Downtown Athens, A Benefit to Education?



Downtown Athens has a reputation for ruining the academic careers of some students, as college kids spend late nights out on the town instead of studying.


But for a younger demographic, the downtown area is used to spark motivation in school.


Some mentors of Clarke County students have used venues around Athens to spend some time with children away from the pressured setting of a school.


“Mellow Mushroom and Wild Wings downtown turned out to be the perfect place for me to take my student,” said Shaun Spade, a University student majoring in education. “He is a 12-year boy, so pizza, wings and sports pretty much runs his life.”


For some children, raising their grades can be generated through a mentor providing an outlet.


Trudy Bradley, director of the Athens Clarke County Mentor Program is a big proponent of this relationship being characterized more of as friends, rather than an authority figure.


“We found that lots of kids, what they really need is someone who says, ‘I know you can do it, and I’m proud of you,” she said. “We’ve got kids in the program that are extremely shy and they just need somebody to give them a little self confidence. Some of them are dealing with horrible situations at home, bless their hearts. They need a friend.”


The Mentor Program was created in 1990, after the drop-out rate was deemed to be a growing problem. The number of kids in the program has grown every year since the program’s creation.


“We started in 1991 with 30 kids,” Bradley said. “We’ll be 18 years old in March. We ended the last school year with 900. We’re the largest in Georgia.”


There are 11,598 children in the Clarke County school system. The 900 children with mentors make up 13 percent of the student body. And that’s not including mentors like Spade, who are not affiliated with the Mentor Program. Spade, like fellow mentor David Payne, were paired with his student through a class at the University.


“I’m not going to lie, I was dreading the whole mentor part of my major,” Payne said. “I didn’t know the kid, she didn’t know me and the feeling out process was kind of a nervous deal. But I ended up really liking the kid I was paired with.”


Through the connection Payne forged with his student, he decided to do something special. He went to the Bel-Jean Printing Company downtown and put together a scrap book of pictures and class work.

“I feel kind of lame doing things like this, but I felt like she needed something like that,” Payne said. “Nobody had ever really done anything like that for her, and it was simple. It was worth it.”


Payne may not enjoy scrap-booking, but Spade and his student’s interests matched up perfectly.


“We both enjoy ball games, and food,” he said. “I have taken him to a couple of places in Athens where we could get something to eat and watch some basketball or baseball games.”


This out-of-school setting is great to take the pressure off students, Spade said, but the tactic is not commonplace.


“We always recommend you don’t do that until you know this kid well enough to know whether or not you really want to do something outside of school with this kid,” Bradley said. “Seriously, I mean I’m a mother and a grandmother and a teacher and there are some kids, yeah they need a mentor, but it’s not necessarily something that you would be comfortable doing it away from a venue that is safe so to speak.”


Spade said he was cautious at first when his student playfully mentioned they should catch a game together sometime. Payne has avoided it altogether.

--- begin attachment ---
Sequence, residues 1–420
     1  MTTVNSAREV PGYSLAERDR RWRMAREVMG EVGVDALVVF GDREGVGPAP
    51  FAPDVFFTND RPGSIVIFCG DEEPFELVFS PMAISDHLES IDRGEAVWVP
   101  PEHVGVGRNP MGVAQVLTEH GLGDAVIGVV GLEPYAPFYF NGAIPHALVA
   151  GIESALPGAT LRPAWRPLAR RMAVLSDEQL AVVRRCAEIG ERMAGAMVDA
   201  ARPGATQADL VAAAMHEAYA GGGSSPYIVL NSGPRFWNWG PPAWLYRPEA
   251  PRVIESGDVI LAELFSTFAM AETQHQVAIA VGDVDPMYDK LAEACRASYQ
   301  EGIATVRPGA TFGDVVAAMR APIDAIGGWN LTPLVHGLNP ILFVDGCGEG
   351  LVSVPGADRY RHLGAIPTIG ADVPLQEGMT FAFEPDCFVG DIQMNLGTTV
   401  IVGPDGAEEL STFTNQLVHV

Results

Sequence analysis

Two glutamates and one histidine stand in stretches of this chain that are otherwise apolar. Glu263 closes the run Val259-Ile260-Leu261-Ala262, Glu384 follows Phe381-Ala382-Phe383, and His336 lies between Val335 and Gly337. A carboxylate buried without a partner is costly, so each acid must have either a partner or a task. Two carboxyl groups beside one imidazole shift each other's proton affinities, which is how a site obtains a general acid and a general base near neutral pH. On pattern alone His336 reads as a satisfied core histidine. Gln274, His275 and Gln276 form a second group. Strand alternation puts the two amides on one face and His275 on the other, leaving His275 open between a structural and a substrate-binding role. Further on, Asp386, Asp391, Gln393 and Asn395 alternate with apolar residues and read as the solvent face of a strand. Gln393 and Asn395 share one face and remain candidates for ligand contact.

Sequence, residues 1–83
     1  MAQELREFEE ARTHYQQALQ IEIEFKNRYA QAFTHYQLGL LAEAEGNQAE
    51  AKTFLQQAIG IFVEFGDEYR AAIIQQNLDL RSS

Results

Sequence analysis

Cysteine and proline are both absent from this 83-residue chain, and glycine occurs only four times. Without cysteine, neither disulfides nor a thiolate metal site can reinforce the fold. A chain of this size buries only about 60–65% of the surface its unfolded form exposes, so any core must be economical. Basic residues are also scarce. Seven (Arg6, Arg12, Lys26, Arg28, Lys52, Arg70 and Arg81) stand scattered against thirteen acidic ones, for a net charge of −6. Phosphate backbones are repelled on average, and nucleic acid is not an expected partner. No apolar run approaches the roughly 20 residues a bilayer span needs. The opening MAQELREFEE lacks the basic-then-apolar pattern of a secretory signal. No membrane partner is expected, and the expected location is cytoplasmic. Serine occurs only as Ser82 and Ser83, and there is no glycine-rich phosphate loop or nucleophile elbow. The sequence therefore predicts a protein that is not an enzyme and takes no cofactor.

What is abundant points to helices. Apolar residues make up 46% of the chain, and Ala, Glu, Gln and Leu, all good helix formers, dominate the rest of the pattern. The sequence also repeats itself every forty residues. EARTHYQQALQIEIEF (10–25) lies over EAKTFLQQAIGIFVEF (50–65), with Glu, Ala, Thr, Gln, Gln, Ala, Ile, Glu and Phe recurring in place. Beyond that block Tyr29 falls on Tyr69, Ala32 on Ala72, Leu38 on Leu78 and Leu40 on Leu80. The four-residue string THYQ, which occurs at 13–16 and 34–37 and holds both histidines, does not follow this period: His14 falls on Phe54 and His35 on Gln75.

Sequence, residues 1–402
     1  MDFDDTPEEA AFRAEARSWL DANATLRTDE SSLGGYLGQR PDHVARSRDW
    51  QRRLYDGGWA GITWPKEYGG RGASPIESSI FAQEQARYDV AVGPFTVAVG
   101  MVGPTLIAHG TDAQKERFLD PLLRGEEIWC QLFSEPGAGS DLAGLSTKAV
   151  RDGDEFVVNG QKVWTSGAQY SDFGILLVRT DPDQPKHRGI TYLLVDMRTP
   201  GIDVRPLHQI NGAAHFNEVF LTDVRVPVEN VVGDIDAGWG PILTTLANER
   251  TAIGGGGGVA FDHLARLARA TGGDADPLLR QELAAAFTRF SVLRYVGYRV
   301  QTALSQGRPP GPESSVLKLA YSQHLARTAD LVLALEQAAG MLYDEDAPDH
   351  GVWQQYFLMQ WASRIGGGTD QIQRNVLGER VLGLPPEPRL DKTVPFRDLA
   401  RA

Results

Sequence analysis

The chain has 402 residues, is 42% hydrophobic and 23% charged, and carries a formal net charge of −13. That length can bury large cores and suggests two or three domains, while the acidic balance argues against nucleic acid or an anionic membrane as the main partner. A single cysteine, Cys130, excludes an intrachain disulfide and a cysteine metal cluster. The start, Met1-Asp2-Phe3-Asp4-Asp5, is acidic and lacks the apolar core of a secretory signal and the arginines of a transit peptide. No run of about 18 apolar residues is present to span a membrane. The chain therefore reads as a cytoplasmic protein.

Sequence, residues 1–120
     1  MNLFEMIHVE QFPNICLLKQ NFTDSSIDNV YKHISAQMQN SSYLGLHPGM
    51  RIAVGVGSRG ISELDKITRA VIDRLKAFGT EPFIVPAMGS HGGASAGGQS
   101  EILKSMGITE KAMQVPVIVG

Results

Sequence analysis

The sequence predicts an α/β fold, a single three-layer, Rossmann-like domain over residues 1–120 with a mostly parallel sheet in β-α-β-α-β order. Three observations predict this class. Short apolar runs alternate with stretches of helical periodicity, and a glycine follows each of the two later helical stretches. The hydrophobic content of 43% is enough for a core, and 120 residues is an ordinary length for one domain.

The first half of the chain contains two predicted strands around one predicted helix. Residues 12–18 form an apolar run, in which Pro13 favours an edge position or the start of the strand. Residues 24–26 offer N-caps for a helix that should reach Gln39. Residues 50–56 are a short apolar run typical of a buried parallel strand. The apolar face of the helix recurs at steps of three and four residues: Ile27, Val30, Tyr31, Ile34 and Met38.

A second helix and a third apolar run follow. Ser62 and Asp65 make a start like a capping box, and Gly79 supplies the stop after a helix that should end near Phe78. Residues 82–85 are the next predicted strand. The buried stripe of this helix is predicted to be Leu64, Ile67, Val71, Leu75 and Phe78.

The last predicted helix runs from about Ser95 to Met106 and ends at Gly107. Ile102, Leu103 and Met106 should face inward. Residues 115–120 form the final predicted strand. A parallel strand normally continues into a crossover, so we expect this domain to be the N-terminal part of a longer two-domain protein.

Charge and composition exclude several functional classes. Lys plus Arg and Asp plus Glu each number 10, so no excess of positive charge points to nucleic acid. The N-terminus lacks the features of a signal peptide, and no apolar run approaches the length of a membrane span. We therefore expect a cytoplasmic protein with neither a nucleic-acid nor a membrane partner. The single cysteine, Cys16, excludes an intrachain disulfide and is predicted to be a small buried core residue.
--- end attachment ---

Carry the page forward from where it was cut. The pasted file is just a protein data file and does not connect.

“I am mentoring a girl, so we don’t have much in common,” Payne said. “Plus the whole me being a man thing just makes it weird. Once a week at school is just fine with me.”


For Spade, communication is the key for assuring everything goes smooth.


“We’ve only been outside of school together four times,” he said. “Each time his mom sent $10 dollars and she came to pick him up. I’m not sure if I could do it if is was any other way.”


Spade’s out-of-school approach has been a success, he said. For Bradley, this type of bond is par for the course for what she hopes mentors can achieve.


“We don’t want this to be another teacher, or authority type figure in their life,” she said. “A lot of the time the mentor may spend time on spelling words or something like that, but we always recommend that you at least spend half of your time just hanging out and having fun.”


In 2005 the drop-out rate in Clarke County was 9 percent, staggering when compared to the 4 percent national rating. Still, progress has been cited, as the graduation rate in 2008 was 63 percent, up 5 percent from the previous year.


Mentors, like those at the Athens Clarke County Program are steadily making an impact. Parents, teachers and even kids have taken notice.


“Probably a good 20-30 percent of the kids are in the program because they requested the program,” Bradley said. “It’s not seen as a stigma to have a mentor. It’s seen as a privilege.”


Spade said he started seeing a change in his men-tee after the common interest of sports was established and conversation evolved from school-work to back-and-forth banter.


“I can tell he looks up to me, and that was created through our sports talk,” he said. “It’s almost like he doesn’t want to disappoint me now. It’s a responsibility, but it’s fulfilling.”


Add Bradley: “It’s something the mentors get into and they’re proud when they accomplish something, and they get disappointed when the kids disappoint them. It’s good to have somebody to please, and that’s what the mentor is to the student. There is a real sense of pride from the mentor’s perspective.”


One Comment on “Downtown Athens, A Benefit to Education?”

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